Pretty Kool.!!!!! I hope mine turns out that good.
Bridge that gap. Don’t go around it.
John, not sure how your layout started, but I suggest looking up layouts on the Web or buy a layout book in your scale and pick one as a base plan that fits on your size table. Nice big radius curves only work if the space an table are big enough. Also mentioned above is to bridge the gap, then you’ll have a large oval with more straight track to add turnouts for sidings and/or passing tracks.
Hi Tony, you have made a great start with your track laying. The one thing i would suggest you do at this point is give a little thought as to how RR tracks, streets, etc really look in what you are modeling. RR tracks sometimes have ditches next to them or cross a low spot, streets are lower than the curb in business or residential areas. I mention this because I didn’t do it correctly where I should have and it makes a big difference in the appearance, when trying to add detail.
Best of luck & happy railroading.
Roger in Kansas
I have been stuck at the very beginning of my layout. Like Tony, I have a 1 x 3 framework but mine has no foam on it yet. Maybe you or your contributors could help. It is my understanding that foam was used to cut down track noise. I started looking for foam, and noticed many folks use pink foam. I looked at foam manufacturers websites, and found that pink foam has NO acoustic properties.
I am thinking white polystyrene would be better. Any comments?
Tom in Mississippi
Tony….. next step would be to complete your trackwork and electrical plan and run your trains to make sure you have no derailments, especially on your turnouts.
Nothing more aggravating then derailments.
John…..I would suggest to go on Al’s site and purchase the Beginner’s Guide and read it before you go any further. Also, you must decide on a theme for for your layout. Will it be mostly scenery and buildings or running trains or a combination of both. You need to create a detailed plan for your layout that includes trackwork and turnouts, electrical connection’s, buildings and scenery. You seem to have plenty of space from the pictures I’ve seen. Without a plan, you will run into many problems. And you must complete your trackwork and electrical plan and run your trains to make sure you have no derailments, especially on your turnouts. There is plenty of help on Al’s site and also the internet, research and plan every step. It will save you a lot of time and money. Good luck and enjoy it. And remember, it is your layout.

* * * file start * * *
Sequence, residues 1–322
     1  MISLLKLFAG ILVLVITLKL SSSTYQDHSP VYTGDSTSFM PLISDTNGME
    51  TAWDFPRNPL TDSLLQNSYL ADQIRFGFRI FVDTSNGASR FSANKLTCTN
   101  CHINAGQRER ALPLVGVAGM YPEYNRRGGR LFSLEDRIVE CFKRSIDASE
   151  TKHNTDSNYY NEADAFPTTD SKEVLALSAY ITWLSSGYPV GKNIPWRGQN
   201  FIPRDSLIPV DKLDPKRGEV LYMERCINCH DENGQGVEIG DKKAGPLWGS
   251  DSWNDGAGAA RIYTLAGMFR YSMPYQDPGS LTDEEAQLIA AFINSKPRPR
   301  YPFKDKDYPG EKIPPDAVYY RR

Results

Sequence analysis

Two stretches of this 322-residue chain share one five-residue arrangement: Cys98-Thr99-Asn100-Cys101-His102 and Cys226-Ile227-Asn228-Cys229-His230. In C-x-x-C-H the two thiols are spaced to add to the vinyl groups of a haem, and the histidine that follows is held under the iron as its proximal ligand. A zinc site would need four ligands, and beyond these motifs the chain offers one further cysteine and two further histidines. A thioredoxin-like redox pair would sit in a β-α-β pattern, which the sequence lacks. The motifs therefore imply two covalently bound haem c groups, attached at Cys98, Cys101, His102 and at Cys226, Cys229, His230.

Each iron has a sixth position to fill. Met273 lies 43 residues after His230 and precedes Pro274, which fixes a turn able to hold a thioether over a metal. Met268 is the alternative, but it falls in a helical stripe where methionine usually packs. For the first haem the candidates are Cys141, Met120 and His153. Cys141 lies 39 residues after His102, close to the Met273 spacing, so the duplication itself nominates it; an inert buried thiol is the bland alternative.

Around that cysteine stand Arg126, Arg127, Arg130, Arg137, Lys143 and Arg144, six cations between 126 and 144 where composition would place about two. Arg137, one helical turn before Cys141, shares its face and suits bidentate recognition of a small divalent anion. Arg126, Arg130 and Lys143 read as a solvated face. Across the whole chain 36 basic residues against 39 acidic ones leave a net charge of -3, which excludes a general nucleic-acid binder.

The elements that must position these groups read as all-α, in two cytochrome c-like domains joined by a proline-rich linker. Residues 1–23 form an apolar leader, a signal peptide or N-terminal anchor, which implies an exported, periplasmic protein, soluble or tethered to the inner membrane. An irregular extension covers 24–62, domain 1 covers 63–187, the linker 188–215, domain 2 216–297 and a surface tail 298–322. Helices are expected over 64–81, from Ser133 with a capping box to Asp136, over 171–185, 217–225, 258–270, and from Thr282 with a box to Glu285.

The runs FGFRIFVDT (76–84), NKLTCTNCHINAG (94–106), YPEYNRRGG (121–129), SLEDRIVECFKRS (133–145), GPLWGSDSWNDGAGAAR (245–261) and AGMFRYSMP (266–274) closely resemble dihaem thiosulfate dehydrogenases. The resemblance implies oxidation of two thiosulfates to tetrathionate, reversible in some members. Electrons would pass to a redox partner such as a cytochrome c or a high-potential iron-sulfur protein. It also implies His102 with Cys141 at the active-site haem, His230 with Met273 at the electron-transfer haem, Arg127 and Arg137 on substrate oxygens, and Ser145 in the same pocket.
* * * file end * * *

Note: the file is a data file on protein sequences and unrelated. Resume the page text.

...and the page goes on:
Foam doesn’t have accoustic properties because of the way sound is measured in the lab. Sound bounces off the surface and acts just like a sheet of plywood.
When you lay track on foam the sound bounces off the foam because of it’s accoustic properties, but this is what you need.
When you lay track on something like plywood, sound can move from the track to the board and then plywood acts like a big speaker. Foam, however, doesn’t transmit the sound through itself. It acts as a “dead” surface. This is what silences the track noise.
Remember, foam board is often used in walls to deaden the sound going through the wall.
Tony the layout has great potential but you will eventually live to hate that cut out. Before going any further try and design a lifting section that will allow you to gain access to that space.
Ian regarding the louder than normal sounds from my deltics , this is due to having EM2 speakers fitted ,they sure make a big difference …and yes I live within 1 hours journey of the North `Yorkshire Moors Railway so this is a rgulartret for me ..Dangerous Dave
John, try filling in that gap and then try a figure 8 folded over on itself so looks like a circle. This will give you a good long run and if you set the whole layout on a constant fall from where one line crosses over the other then the grades should be OK. You can then set your stations or yards off of this to give operational interest with the gentle rise and fall of the line avoiding the flat earth look. Hope this helps and look forward to the update.
Tony, my BEST 2 tips are: 1. Perfect trackwork. This means no derailments or rework 2. Raise the track bed 50mm (2″) above the baseboard (I use 1″x2″). This leaves space underneath for out-of-site and easy changable wiring.
Love Dangerous Dave’s layout and his awesome, well put together videos, but his voice is not so kind to us, whether its his accent or just his natural sound, but I think he would do better to have text messaging in a way its like programming.
Love that grey house and church on the hill and would like to know where he aquired it…Love the old trains in town. Is it UK or just European?
No offense to you sir….